I have discussed the other week the pros and cons of an ad blocking software, how it helps users maintain their preferred level of privacy online and how, on the other hand, ad blockers kill the content makers.
This week, Apple has expressed resolve to help the millions of users of its iPhone family of products to block online ads that appear on the Safari browser, potentially bringing to the fore the deadly future that awaits online marketers.
Behind the move is the cause for privacy. Apple claims privacy concerns have increasingly separated Web publishers from their intended audiences due to the presence of some ads that track a user’s online activities to the point of intruding into their private transactions.
The said overhaul is set to come to iOS 9, which is scheduled for unveiling in late 2015. They will come in the form of browser extensions, in addition to other existing extensions in the Web that serve the same function: to block ads from appearing in your web sessions. And not only ads, but also images, cookies, and other Web content that you may find intrusive of your privacy.
Apple intends for the iOS 9 update to set itself apart from Google, which relies heavily on ads, be it on mobile or desktop platforms, for revenue. While Google’s Android operating system runs on the majority of handsets around the globe, the ecosystem has also suffered from setbacks that arise when an app is found prying into the private conversations, for example, of users.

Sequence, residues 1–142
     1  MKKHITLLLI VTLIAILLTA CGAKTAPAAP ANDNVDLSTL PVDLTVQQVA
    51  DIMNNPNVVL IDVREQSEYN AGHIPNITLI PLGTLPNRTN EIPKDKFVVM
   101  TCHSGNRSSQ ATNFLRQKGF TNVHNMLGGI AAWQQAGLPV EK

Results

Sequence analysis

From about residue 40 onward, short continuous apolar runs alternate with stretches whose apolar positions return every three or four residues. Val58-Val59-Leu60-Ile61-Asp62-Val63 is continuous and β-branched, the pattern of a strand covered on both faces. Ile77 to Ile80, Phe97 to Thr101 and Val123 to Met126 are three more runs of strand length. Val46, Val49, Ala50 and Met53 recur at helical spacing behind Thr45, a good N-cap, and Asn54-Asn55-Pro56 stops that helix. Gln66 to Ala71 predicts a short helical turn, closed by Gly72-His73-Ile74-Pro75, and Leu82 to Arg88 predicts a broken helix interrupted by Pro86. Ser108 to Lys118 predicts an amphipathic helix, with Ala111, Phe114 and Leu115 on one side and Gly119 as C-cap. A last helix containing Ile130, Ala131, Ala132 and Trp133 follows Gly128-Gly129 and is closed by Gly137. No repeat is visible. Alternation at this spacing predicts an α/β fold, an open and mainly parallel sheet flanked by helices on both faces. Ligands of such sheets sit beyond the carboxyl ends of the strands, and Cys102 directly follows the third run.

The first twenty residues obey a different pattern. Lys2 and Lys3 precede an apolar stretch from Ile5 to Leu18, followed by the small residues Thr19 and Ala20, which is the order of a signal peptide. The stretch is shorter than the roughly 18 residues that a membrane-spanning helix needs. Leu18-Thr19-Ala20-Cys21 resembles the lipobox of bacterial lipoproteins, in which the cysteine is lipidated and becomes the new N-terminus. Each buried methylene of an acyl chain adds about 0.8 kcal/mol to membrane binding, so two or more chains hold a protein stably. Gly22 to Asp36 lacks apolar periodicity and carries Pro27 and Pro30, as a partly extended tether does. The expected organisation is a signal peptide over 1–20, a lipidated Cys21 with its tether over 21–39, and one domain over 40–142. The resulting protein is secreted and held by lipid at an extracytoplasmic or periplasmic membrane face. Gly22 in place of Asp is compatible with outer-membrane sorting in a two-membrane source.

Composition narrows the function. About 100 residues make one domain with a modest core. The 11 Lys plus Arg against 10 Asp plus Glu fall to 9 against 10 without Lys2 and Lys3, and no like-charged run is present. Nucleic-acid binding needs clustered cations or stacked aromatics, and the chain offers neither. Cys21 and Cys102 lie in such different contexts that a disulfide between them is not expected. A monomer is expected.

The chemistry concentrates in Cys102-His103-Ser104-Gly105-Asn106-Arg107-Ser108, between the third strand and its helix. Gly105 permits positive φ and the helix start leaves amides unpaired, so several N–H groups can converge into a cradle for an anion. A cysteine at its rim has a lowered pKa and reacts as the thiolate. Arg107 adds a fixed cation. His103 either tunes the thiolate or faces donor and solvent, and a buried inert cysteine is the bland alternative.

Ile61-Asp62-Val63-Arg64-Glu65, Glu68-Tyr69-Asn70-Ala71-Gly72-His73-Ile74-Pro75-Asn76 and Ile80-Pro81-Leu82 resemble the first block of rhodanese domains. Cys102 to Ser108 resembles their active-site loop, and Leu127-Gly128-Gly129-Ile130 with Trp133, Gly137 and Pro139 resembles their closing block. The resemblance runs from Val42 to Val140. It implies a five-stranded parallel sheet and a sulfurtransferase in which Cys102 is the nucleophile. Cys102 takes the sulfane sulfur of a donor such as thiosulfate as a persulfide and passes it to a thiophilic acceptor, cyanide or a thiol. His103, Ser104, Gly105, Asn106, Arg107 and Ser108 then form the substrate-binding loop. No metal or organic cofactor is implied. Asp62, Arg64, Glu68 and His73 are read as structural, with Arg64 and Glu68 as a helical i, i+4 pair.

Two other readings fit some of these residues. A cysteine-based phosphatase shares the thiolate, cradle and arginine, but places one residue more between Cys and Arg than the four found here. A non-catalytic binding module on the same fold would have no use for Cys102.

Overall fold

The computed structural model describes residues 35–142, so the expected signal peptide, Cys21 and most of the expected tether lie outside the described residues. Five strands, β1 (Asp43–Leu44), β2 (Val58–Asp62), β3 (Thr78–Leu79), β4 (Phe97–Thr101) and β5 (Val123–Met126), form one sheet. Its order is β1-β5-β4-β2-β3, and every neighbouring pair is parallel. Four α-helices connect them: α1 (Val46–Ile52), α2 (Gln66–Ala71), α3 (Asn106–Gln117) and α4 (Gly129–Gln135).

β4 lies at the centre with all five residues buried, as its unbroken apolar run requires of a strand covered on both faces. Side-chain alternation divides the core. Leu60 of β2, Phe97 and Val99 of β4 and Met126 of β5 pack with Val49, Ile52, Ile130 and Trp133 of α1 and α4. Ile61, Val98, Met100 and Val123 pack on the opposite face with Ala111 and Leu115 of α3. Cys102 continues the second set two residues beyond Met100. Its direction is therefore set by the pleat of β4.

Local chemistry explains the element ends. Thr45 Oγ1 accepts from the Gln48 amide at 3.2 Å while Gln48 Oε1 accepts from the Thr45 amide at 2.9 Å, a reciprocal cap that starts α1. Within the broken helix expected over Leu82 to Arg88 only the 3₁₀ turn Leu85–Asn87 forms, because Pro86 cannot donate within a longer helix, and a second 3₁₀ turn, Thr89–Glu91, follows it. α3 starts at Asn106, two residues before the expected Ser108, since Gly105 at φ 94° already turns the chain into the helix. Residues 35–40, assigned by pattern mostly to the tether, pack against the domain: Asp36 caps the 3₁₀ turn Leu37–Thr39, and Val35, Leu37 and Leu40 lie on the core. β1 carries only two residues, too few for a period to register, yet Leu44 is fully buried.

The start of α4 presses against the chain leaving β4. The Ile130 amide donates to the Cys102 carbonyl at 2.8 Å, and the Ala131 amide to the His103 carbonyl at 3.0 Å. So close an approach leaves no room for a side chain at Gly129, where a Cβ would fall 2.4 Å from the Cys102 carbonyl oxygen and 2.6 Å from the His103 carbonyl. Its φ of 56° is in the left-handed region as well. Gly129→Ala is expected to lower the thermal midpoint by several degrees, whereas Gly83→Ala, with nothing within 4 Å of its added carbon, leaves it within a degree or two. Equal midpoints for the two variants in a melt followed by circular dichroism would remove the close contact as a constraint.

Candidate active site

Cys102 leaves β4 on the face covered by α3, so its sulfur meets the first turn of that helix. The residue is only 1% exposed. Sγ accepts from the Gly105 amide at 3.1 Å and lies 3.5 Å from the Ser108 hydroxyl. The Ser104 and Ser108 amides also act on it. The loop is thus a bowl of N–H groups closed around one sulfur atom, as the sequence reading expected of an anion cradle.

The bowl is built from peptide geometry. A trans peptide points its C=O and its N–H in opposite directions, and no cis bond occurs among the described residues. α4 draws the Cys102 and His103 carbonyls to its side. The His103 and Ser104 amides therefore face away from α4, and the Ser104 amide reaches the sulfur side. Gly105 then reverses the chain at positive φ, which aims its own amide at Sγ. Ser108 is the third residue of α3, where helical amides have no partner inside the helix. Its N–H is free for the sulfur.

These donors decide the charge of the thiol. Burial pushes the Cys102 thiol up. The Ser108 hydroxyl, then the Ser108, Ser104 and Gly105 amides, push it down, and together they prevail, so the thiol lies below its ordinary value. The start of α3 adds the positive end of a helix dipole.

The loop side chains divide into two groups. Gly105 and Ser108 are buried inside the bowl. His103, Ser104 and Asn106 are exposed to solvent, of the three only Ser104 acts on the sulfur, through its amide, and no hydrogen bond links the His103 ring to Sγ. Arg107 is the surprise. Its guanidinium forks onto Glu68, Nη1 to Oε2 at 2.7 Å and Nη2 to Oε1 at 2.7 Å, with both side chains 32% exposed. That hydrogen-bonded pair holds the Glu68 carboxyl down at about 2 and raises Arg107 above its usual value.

Indeed, Apple has been known for protecting its users from third-party prying eyes. While other giants in the tech world are scrambling to get hold on your private data such as email address and name, Apple has maintained that privacy is a fundamental right of everybody.
But to the point of blocking advertisers from reaching their intended audience, the move is seen by many as an extreme effort to bolster privacy. Most of those who are anxious come from the media industry, which depends on advertising for revenue as called for by their business model.
Especially now that most users are turning to their mobile devices for Internet access, Apple’s ad destructive move means a great chunk of potential profit from online advertisements will be lost by Internet marketers. This is worrisome, in that most of the free content we see in the Internet are there primarily because of the financial support from advertisers.
You cut ads off, you cut the content as well in the long run.
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